Rob:  It’s who I am, I’m an artists. That’s the reason I created Rocktopia. Paul O'Neill was my mentor, and the creator, producer, composer, pretty much everything of the Trans Siberian Orchestra. I’ve played in front of 20,000 every night at the Garden or Prudential Center, and different places like that. O’Neill really just cared about the artform, and that is what I lean into with my own idea. It is very different than Trans-Siberian Orchestra, but I kind of use everything he has taught me not only for financial success, but for musical success. 

Bert:  You think about the riffs that are in this, whether it is the rock or classical. People know this stuff right away. “Smoke in the Water”?

Rob:  We call them the hooks. They’re big hooks. Beethoven wrote big hooks, Mozart wrote big hooks. “Smoke in the Water” was a big hook, and that’s what people react to. I’m not trying to be pretentious and educate people, but these genres are timeless. That’s the thing I wanted to perpetuate again. That’s why people jump to their feet for our show, and I feel really blessed.

Kelly:  Mozart and Beethoven were the rockstars of their day, right?

Bert:  Of course they were. Mozart especially, dude would have been out of control if he lived in our time period. 

Kelly:  Right. What I also love is your roles on Broadway, you’re an accomplished actor and singer. There has to be like two different Robs, right? You got rock Rob, and Broadway Rob.

Rob:  Yeah, I mean I don’t know. I’m just Rob. I’m a gemini, born in June; there are two sides to me—that’s why I play Jekyll and Hyde. I am all over the place, but it’s fun. I get to watch some people smile, and help them relive some of their past. We did a lot of work research to see who our demographic was, and they are about my age, which is late 40s. However, when we hit the road, I saw a lot of kids out there, and it’s cool to see them respond to this music. I am not a giant fan of new music right now, I appreciate it. I love Bruno Mars, and I think he’s a great artist. I saw him at the garden not to long ago. Pat Monahan is a good friend of mine from Train. But there is other stuff that I don’t like that much. The thing about classic rock is that the themes are epic and timeless.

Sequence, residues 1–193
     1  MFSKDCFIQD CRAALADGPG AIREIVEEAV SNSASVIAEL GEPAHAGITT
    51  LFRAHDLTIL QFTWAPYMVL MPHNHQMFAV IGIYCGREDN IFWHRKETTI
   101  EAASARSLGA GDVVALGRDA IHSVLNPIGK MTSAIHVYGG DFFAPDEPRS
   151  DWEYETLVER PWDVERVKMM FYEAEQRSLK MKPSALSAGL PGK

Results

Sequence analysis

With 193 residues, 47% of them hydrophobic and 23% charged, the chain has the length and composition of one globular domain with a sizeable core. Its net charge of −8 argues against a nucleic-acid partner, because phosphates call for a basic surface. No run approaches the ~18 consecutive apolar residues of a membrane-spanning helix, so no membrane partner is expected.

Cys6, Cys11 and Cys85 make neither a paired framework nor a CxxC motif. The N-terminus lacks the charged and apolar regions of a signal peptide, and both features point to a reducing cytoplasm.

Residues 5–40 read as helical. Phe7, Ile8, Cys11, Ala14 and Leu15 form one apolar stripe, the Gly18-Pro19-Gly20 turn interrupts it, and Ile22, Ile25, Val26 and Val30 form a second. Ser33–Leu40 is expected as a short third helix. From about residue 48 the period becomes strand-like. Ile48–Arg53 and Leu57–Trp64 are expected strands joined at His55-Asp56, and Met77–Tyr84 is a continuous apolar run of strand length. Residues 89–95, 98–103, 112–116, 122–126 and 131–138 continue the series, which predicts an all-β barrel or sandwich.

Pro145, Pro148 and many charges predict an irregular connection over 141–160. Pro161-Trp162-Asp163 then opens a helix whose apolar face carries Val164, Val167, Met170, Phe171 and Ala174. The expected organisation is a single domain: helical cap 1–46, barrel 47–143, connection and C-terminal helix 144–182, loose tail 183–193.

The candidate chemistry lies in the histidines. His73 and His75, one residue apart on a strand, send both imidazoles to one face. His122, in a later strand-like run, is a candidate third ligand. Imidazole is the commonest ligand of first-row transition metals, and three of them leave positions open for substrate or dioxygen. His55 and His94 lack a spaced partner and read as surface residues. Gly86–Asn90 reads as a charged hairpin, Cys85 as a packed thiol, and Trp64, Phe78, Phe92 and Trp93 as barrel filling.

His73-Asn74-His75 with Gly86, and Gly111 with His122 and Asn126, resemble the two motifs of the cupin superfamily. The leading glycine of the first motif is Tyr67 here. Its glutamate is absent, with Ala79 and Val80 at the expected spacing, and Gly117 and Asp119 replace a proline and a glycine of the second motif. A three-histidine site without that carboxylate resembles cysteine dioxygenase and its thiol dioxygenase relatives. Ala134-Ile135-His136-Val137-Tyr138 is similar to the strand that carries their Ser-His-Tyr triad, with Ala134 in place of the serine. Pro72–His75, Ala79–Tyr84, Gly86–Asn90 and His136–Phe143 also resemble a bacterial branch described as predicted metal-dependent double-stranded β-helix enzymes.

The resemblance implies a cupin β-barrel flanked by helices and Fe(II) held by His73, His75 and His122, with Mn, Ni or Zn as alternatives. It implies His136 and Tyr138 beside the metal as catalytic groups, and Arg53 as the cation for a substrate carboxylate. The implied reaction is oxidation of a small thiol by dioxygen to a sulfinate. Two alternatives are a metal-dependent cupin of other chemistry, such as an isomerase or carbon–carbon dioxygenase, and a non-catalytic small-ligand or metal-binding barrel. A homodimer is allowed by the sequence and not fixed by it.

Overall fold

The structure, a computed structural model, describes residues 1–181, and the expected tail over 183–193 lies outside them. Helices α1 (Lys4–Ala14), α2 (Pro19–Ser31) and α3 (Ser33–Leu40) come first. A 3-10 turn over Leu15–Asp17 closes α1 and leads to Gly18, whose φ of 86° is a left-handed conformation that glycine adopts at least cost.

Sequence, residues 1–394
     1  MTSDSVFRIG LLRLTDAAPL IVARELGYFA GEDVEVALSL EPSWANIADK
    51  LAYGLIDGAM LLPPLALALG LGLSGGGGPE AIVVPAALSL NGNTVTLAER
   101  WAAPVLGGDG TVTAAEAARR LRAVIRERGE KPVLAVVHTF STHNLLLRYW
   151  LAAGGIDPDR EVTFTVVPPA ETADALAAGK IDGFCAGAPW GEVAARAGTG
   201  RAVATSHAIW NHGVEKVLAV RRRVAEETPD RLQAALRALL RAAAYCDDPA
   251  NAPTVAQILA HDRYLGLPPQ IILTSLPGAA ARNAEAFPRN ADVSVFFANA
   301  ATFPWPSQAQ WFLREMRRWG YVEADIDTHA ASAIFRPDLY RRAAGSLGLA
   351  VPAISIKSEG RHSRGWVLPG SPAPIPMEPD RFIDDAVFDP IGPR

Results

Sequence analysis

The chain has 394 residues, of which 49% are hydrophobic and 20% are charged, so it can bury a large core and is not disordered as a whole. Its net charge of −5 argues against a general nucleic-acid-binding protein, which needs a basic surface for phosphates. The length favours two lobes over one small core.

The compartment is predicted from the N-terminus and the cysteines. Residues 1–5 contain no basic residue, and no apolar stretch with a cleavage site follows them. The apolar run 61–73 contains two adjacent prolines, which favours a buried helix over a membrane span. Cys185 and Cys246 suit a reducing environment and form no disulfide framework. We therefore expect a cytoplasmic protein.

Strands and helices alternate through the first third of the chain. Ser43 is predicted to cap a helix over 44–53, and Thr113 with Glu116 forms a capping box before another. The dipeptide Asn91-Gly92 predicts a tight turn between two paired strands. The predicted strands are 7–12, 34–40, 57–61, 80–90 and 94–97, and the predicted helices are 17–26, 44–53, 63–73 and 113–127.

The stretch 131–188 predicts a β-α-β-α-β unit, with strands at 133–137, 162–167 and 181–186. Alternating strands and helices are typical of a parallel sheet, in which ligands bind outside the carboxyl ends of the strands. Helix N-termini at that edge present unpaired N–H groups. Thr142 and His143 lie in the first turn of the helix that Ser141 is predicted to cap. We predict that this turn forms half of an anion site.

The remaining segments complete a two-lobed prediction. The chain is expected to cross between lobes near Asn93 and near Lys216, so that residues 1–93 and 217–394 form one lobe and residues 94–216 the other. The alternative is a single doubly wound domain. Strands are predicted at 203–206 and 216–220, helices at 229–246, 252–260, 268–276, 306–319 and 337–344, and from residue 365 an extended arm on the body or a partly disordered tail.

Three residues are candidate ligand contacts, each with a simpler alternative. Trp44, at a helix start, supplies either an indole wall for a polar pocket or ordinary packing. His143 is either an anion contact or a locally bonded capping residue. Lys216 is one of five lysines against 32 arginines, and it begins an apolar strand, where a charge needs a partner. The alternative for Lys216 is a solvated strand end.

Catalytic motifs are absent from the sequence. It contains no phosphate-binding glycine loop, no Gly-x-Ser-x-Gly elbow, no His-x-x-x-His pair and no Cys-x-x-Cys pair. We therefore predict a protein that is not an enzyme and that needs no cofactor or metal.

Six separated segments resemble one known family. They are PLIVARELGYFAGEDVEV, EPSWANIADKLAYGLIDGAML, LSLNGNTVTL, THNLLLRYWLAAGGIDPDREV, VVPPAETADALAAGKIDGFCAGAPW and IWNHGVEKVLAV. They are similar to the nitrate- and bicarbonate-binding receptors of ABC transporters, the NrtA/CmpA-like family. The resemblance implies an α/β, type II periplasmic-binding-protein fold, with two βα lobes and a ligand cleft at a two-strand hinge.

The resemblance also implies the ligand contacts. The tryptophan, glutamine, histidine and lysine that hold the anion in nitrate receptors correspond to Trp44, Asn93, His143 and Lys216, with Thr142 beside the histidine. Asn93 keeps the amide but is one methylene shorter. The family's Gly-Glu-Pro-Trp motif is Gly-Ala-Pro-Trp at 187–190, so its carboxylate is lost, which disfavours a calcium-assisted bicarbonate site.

Bert:  I am trying to imagine what Beethoven tour would look like in today’s world.

Rob:  Well first of all, he was deaf. For him to be able to compose his stuff was nuts. Also, with Trans-Siberian Orchestra, I got to play Beethoven. And that started my thinking, “Oh my gosh! There is something here I really attach to—emotionally attached to.” It was pretty cool. 

Bert: If you could make a band with anyone living or dead, who would you pick?

Rob:  Oh man, that’s deep. 

Bert:  It was meant to be a deep question.

Rob:  That’s the biggest question that has ever been asked to me during an interview. Mozart would probably be there. If I’m being honest, Steve Perry would be there to do lead vocals when he was killing it. Lou Gramm would be there somewhere to make a cameo when he was killing it. Brian May would probably be on guitar for me. Jager would probably show up for a hot second, just walk across the stage with swagger, but then I’d kick him off and tell him to go take a break. So, that’s where I’d begin. I’d have to do some homework on that. 

Kelly: Nice. So, for anyone that is on the fence about seeing Rocktopia, what would you say?

Rob:  It’s interesting. Our tickets are priced reasonably. You don’t have to go into New York City, and spend $200 on a Broadway show. We are a really family friendly show, so it's the perfect show for people to bring their grandparents and children. We still dig into Rock and Roll, and provide a bit of the classical. People won’t realize, but they will know the themes, which was super important to me. You may not know it as “Also sprach Zarathustra”, but you’ll think of it as the theme of Space 2001. So there is a lot going on. We have some world class vocals, that I am just humbled to share the stage with. It’s really just a fun night, we end on such a high note, and there is so much joy going on. People walk away just smiling. It’s been a hard show to brand and tell fans what they are about to see, but it’s fun to stand on stage and just watch people have these eye opening moments. 

Kelly:  Well we definitely look forward to those eye opening moments very much. We look forward to seeing Rocktopia May 5, at State Theatre New Jersey. We will see you then. 

Rob:  Can’t wait!